"In a mid-afternoon of spring, the little boy Jody walked martially along the brush-lined road toward his home ranch. Banging his knee against the golden lard bucket he used for school lunch, he contrived a good bass drum, while his tongue fluttered sharply against the teeth to fill in snare drums and occasional trumpets. Some time back the other members of the squad that walked so smartly from the school had turned into the various little canyons and taken the wagon roads to their own home ranches. Now Jody marched seemingly alone, with high lifted knees and pounding feet; but behind him there was a phantom army with great flags and swords, silent but deadly."
This passage starts in a traditional third-person way, in which an outside narrator describes the actions of a character—Jody. But the last line of this passage does something different. Instead of describing to us what Jody is imagining—that he pretends he is marching in front of a “phantom army”—the narrator presents that army as if it were actually there—“silent, but deadly.” In other words, at this moment, we’re not seeing the world of a third-person narrator; we’re seeing the delightfully boyish worldview of Jody.
Free indirect discourse has been an important feature of Western narratives for over a hundred years, but spotting it is not always easy. Consider this example: the opening to Joyce Carol Oates’ short story “Where Are You Going, Where Have You Been?”, which introduces us to a teenage girl named Connie. See if you can spot the moments where the third person perspective becomes infected with her worldview and becomes free indirect discourse:
"Her name was Connie. She was fifteen and she had a quick, nervous giggling habit of craning her neck to glance into mirrors or checking other people’s faces to make sure her own was all right. Her mother, who noticed everything and knew everything and hadn’t much reason any longer to look at her own face, always scolded Connie about it. “Stop gawking at yourself. Who are you? You think you’re so pretty” she would say. Connie would raise her eyebrows at these familiar old complaints and look right through her mother, into a shadowy vision of herself as she was right at the moment: she knew she was pretty and that was everything. Her mother had been pretty once too, if you could believe those old snapshots in the album, but now her looks were gone and that was why she was always after Connie."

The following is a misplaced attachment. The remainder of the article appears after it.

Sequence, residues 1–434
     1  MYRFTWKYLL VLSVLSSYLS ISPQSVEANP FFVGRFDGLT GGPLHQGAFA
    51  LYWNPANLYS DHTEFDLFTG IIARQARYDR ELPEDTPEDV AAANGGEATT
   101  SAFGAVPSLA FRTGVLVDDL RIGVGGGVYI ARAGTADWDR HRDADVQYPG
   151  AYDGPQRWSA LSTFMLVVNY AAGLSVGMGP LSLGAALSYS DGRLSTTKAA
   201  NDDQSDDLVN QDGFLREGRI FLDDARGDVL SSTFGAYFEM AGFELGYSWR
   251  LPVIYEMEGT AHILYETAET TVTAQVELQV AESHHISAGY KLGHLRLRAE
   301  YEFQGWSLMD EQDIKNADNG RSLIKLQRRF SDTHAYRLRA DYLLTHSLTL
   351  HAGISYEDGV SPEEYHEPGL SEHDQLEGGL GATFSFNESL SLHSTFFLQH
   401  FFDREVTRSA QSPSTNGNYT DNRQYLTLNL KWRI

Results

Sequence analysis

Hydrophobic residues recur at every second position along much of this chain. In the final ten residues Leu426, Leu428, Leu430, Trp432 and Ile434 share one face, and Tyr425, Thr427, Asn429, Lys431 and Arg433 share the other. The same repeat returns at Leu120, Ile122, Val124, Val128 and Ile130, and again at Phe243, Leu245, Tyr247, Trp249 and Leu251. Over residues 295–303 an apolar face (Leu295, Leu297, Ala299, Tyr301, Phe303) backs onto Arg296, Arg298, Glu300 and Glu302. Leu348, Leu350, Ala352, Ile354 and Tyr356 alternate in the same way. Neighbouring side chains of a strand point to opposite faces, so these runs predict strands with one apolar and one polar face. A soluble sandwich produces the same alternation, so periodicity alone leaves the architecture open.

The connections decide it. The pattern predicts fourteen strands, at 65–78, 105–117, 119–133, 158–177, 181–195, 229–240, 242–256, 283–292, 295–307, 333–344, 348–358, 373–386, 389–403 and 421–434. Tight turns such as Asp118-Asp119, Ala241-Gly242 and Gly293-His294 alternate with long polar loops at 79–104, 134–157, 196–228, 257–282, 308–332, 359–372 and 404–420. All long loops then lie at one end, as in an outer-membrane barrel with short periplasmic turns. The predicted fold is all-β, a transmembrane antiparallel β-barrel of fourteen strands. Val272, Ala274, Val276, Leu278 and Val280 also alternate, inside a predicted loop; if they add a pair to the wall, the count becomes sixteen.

This is, to say the least, a very strange narrative perspective. The third-person narrator seems to think Connie’s mother “notices everything” and “knew everything”—but that’s, of course, impossible! The narrator also has a strange familiarity with the family’s photograph album and seems absolutely obsessed with beauty. These strange details are signs that Oates has written this passage in free indirect discourse. The narrator isn’t describing Connie’s worldview from an outsider’s perspective; she’s inhabiting Connie’s worldview.